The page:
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A 284th Garland of British Light Music Composers

The common feature between the four composers discussed in this Garland is that each wrote a march or marches; but the composers themselves are very different . Alan Moorhouse’s World Cup March was published in 1966 (that was the year we won it!) but only for piano solo. Moorhouse was credited with other popular numbers like High on a Hill and the Eurovision song entry Boom Bang a Bang Bang (one of our better entries, incidentally, in a musical sense). Edwin Benbow was active from the 1930s until at least the 1960s. His work was primarily for piano solo, examples being Toccatina (1955), Bermuda Suite, Dance of the Atoms, Danse Humoresque, Rhapsody , Romance, Undulations, and, yes, a Petite Marche, from 1964.

Eric Banks was for some time Director of Music to the Royal Air Force. His works include a Ballade for trombone and several marches – Castle Hills,Red Arrows (1972) and the official march of the RAF Regiment, Centurian. Finally there is Derek New whoseYorkshire March (1968) was published for piano solo. New also wrote for brass – a cornet trio Tijuana Holiday (1970), Bugle Call Blues (1971) and a trombone duet Hill-Billy Holiday (1976) – but his best known tune, at least for me and perhaps for many others, is the signature tune for the longest running of all television programmes, University Challenge, which has been heard in various musical guises, presently in a quickened up version for string quartet.

Philip L Scowcroft

August 2002

A 285th Garland of British Light Music Composers

We begin with another group of music hall writers. In many cases these were singers who composed, or were at any rate credited with the songs they sang. Two that we remember here were major figures in the mid to late Victorian music hall. George Leybourne, was, in the number of titles attributed to him, astonishingly prolific. His titles (and all these and many more achieved publication) including After the Opera’s Over,Pretty Little Flora, Artful Joe, Captain Discover, Wellington Boots, Down in a Diving Bell,Pride of Petticoat Lane, Lancashire Lass, Have You Seen Ruth?, I Should Like to be an Alligator,Pretty Little Sarah, I’ve Lost My Bow-Wow, Rolling Home in the Money, Up in a Balloon, Boys, Up in a Monument, Who’s Coming Out for a Spree Tonight, Where’s My Dolly Gone, Rock the Cradle, John, Out of the Frying Pan Into the Fire , Hallelujah Bank and Darling Mary Jane. Some of these are sentimental but most are comic. I have restricted myself to twenty titles and these are the merest tip of the iceberg.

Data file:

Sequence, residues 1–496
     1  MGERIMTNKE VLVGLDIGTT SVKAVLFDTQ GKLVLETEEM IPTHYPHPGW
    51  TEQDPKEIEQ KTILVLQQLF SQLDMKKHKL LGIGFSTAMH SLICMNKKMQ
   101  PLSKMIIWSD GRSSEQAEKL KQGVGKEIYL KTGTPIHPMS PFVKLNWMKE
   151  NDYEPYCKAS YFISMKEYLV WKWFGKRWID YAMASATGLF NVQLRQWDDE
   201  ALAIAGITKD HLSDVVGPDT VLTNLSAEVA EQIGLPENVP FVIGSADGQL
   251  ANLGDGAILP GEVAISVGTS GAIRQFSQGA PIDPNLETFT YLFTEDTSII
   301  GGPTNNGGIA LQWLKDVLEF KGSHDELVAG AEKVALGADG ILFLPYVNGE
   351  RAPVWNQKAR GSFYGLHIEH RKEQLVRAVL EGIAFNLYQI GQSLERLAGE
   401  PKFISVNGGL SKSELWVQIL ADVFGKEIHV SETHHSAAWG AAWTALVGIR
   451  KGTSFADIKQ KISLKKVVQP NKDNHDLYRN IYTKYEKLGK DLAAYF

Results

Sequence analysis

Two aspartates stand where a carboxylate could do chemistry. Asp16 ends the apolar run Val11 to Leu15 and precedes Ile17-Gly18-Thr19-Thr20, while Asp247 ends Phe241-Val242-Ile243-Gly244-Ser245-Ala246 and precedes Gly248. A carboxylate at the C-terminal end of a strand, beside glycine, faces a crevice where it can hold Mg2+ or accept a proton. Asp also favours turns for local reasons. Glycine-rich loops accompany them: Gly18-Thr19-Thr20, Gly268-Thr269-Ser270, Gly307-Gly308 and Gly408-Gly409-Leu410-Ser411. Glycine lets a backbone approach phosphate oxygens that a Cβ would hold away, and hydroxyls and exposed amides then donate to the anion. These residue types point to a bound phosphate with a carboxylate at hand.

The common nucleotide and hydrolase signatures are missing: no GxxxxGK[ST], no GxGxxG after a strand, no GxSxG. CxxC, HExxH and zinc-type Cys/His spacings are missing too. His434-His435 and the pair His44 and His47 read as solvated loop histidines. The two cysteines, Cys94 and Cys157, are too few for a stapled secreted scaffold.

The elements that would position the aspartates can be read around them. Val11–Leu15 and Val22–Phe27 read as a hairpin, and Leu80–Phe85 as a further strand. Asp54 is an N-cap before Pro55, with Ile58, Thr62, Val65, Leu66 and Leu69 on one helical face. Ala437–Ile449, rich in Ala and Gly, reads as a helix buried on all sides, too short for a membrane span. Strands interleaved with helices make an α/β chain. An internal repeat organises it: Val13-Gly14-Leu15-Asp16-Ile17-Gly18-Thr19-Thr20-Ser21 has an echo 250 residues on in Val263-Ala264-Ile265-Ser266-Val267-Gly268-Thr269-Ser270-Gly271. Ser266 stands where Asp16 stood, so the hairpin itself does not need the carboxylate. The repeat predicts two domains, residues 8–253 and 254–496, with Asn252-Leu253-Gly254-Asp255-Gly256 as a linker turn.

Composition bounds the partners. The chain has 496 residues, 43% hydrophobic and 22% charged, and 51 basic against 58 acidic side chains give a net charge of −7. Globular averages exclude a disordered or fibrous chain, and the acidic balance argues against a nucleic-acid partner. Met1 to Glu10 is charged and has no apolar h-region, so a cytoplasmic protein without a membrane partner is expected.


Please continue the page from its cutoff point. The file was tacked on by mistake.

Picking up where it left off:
Alfred G Vance was another major music hall singer/composer, publishing, among many other songs, Belgravia, Adolph Simpkins, Perambulator,I’m Her Pa, La Belle de Mabelle, Sir Roger de Beard, Sweet Jenny, Thoroughbred, Ticket of Leave Man,Taking My Ease, Here Stands a Young Man who Wants a Sweetheart, London Society, The Chick-a-Leary Cove, The Blighted Husband, Par Excellence and Soda and B_.

A few lesser known music hall names may be briefly noted: J L Toole, for He, She and the Postman, A Norrible Tale andMatilda Baker, Kate Garstine for When Sammy Comes Home, and Victor Lister for Minnie Bell and Music Hath Charms.

Finally and leaving the music hall for the time being, here is one present-day TV composer we have not so far covered in these surveys. Two shows with which David Mackay has been specially concerned are the recent sitcom The House That Jack Built (its catchy tune, often repeated, is for me the best part of it) and the long-running and now concluded As Time Goes By.

Philip L Scowcroft

August 2002

A 286th Garland of British Light Music Composers

First we have another group of composers associated with the music hall. Several of Fred Eplett’s songs were associated with Dan Leno, especially Our Stores Ltd and probably also Our Society, Never Share Your Lodgings With a Pal, The Bore o’Bef’nal Green and The Recruiting Sergeant. Charles Ingle, by contrast, seemed to write especially for Albert Chevalier.Blue Ribbon Jane, I’ve Got ‘Er ‘At, Wot cher!, Funny Without Being Vulgar, Peculiar and, more famously, My Old Dutch. All these songs come from the 1890s.